Mob mentalityThe protests suffer from mob mentality and lack knowledge of the true problems with the government action. Many join protest just for the sake of protesting and this mob mentality harm the true protesters as well as sanctify government repression.


Supreme Court taking suo moto cognizance based on a letter has issued notice to the Centre and Delhi government on the presence of the children in protests. While the Supreme Court action is due to the death of a child in the ShaheenBagh and thus seeks to protect the health and well being of children, still it fails to look at the rights of children to protest. Indian Constitution doesn’t qualify fundamental rights of citizens based on age and thus every citizen immaterial of his or her age has the fundamental right to protest. Also, Convention on the Rights of the Children to which India is a signatory, upholds the right of children to protest.


Platform for Dialogue with governmentProtests continue over long period of times due to lack of any avenue to discuss their grievances with the government. Even platforms such as Twitter do not ensure that the minister reads the grievance of the citizen.
Role of MediaThe media of 21st century has the role of creation of dialogue between the electorate and the executive on a regular basis. Media has failed to play this role effectively.
Role of Supreme CourtSupreme Court is the guardian of fundamental rights of citizens but it has failed to uphold the right of protest of citizens. It has failed to stop improper use of sedition law, mass arrests, section 144 and derogatory remarks by the ministers against protestors.
Role of OppositionIt is the role of opposition to keep the government accountable on regular basis. The protests highlight that the people have lost trust in the opposition for keeping government accountable.


It is natural that the government comes up with many policies from time to time in the interest of the citizens and overall betterment of the country. These policies are monitored by the people of the country and it is through them that the opinions on these policies could be made. Since the citizen is more like a watchdog of these policies, any mistake or shortcoming that these policies have can be addressed by them and it can be solved by peaceful demonstration.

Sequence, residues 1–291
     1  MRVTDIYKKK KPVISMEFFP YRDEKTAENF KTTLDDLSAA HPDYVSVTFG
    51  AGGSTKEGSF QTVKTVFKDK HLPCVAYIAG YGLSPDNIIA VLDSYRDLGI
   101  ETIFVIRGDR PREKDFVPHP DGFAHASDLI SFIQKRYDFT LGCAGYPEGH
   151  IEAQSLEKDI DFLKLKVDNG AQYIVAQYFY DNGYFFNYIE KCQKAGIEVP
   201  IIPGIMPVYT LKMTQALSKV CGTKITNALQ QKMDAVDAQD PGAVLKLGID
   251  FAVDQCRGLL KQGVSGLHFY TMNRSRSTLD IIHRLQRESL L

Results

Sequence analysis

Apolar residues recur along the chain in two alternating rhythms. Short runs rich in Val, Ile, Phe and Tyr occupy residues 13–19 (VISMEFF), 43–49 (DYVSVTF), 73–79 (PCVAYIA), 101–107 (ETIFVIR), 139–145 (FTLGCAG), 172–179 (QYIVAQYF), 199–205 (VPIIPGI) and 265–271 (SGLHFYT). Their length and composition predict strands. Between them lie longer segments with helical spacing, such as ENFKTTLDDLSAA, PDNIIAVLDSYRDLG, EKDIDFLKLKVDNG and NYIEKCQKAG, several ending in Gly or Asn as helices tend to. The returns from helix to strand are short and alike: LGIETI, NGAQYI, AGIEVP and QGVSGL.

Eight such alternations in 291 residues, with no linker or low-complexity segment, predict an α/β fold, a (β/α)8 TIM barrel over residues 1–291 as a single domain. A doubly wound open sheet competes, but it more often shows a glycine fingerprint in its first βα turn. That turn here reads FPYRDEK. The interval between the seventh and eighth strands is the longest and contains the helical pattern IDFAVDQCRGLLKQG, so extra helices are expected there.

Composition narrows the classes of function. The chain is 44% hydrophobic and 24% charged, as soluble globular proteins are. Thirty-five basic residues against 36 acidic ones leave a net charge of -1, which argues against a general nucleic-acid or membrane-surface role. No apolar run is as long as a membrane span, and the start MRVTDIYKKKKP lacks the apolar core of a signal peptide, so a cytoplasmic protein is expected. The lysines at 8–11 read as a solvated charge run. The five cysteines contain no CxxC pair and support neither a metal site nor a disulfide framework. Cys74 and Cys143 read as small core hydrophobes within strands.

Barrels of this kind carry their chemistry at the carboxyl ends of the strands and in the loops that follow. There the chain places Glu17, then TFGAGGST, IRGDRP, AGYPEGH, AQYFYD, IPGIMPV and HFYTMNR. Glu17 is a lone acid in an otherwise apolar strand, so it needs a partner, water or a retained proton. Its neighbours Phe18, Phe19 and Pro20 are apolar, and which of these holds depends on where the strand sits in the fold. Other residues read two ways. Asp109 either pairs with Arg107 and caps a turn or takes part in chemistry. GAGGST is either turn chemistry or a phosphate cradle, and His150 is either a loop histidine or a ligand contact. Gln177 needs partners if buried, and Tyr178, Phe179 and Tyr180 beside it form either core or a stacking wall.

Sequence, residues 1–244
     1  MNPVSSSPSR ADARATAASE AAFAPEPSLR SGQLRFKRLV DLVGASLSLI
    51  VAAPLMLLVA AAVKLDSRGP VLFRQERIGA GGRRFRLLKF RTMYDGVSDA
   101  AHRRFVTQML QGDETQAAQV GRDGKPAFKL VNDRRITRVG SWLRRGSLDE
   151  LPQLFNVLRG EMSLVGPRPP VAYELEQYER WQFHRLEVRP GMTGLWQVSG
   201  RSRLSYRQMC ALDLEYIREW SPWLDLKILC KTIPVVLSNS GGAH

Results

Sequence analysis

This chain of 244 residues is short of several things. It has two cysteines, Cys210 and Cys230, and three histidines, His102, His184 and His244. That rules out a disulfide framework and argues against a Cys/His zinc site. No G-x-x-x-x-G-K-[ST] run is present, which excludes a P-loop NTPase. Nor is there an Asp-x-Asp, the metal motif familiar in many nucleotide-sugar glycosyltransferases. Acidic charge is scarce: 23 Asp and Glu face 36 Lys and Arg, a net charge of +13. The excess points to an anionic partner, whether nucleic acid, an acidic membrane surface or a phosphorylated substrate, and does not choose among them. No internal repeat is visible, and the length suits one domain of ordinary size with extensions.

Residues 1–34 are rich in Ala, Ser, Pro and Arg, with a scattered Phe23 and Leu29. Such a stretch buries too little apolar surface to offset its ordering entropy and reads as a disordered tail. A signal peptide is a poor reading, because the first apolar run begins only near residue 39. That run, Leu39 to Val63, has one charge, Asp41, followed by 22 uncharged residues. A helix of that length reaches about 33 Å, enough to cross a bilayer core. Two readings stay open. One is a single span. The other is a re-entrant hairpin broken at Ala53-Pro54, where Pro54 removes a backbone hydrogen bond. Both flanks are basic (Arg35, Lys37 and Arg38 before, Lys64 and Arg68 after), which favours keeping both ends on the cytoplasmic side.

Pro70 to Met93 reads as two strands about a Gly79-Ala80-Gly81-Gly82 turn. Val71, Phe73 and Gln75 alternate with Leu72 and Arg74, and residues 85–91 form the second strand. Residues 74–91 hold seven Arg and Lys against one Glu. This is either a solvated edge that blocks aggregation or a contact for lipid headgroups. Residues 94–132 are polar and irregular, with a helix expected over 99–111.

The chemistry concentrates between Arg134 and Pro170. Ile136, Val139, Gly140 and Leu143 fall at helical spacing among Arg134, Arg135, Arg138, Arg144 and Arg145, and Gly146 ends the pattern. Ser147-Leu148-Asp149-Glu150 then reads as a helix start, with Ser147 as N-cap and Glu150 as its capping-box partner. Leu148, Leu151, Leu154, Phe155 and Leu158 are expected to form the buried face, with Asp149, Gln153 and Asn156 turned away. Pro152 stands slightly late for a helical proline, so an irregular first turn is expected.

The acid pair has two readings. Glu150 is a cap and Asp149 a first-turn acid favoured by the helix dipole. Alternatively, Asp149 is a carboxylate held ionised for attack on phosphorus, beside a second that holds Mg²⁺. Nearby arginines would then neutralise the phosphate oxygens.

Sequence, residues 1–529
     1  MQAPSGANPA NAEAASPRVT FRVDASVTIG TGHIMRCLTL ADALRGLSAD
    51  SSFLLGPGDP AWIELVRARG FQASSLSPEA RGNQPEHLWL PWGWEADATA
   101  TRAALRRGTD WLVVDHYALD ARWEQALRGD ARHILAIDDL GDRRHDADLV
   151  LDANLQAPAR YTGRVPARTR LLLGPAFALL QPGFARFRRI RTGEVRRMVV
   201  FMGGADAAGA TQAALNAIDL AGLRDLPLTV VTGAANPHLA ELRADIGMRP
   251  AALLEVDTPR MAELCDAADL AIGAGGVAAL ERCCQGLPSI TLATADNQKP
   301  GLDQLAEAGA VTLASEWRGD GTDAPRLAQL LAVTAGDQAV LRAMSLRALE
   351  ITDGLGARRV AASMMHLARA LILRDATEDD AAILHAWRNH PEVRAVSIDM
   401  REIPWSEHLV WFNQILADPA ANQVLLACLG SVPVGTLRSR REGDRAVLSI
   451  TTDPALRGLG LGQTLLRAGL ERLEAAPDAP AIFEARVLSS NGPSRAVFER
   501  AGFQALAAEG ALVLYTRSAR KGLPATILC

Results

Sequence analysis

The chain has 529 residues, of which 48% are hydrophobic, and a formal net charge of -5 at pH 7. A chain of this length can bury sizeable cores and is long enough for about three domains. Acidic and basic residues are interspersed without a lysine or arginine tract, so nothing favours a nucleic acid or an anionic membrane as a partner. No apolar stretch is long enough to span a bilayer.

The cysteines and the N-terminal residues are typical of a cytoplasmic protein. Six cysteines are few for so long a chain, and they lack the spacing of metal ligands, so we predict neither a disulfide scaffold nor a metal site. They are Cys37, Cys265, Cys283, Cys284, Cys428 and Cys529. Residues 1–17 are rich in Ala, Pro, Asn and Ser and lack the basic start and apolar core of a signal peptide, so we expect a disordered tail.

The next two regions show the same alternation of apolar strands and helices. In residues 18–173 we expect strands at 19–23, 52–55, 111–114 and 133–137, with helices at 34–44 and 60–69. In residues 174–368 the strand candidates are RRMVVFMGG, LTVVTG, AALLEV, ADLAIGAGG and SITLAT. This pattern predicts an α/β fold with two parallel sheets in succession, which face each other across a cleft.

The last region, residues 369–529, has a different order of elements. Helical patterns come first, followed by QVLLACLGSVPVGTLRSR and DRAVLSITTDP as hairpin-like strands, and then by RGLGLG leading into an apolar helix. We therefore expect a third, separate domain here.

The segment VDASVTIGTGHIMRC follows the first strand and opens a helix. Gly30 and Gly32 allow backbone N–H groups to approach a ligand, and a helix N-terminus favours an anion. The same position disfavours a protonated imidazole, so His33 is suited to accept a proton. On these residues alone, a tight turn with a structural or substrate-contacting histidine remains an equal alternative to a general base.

Even during the colonial rule, various communities organized public meetings, dharnas, protests, etc that were a sign of protest as to the elimination of the British rule and demand for independent India. The state is on the other hand required to respect and address the protests because the Constitution also makes it necessary for the state to ensure the Fundamental Right to Freedom of speech and expression. However, the motive of the protest shouldn’t be inspired by interrupting the regular functioning of the state deliberately.

When the protest is inspired by such political waves, it becomes unethical and unfair in its overall substance.


Balance between rights and dutiesWhile protesters have the right to protest but they also have the duty to respect the rights of others. Protests should not mean that the way of life of other fellow people is disturbed.
Platform for Dialogue with governmentThere needs to be a platform by which people can express their grievances to the government and get a suitable reply.
Grassroot politicsPoliticians need to develop connections with the grassroots so as to gain the trust of citizens. Also, the views of the politicians should not change based on the fact that they are in power or in opposition. Any such change should be seen as fraud and punished by people.
Supreme CourtIt needs to be apolitical and take strong action against any encroachment on citizen’s rights.
Legislations to protect dissidentsLegislations should be passed to protect the dissidents, activists and whistleblowers.

CONCLUSION: Dissent and democracy are synonymous in a liberal-democratic social order. It is through open debate and discussion that the diversity of perceptions in a democracy gets exposed. Only through continuous interactions on critical issues does the real truth emerge. India needs to learn from the father of the nation, Mahatma Gandhi who had the courage and fortitude to express his dissent in a peaceful manner. In a progressive society, contrary views should be entertained. Further, the legislature should pass laws to protect dissidents, activists and whistle-blowers. It takes courage to take a stand and speak up, while the easiest thing is to ‘go with the flow’. Dissent must be welcomed not just on the political front but in religious and professional spheres as well.

Questions to Ponder

  1. “The highest form of human excellence is to question oneself and others” – Socrates. Comment in the light of recent events.
  2. India is suffering from continued protests since the last few years. Discuss the broader issues associated with protests in India. Give your opinion on the impact of protests on Indian democracy.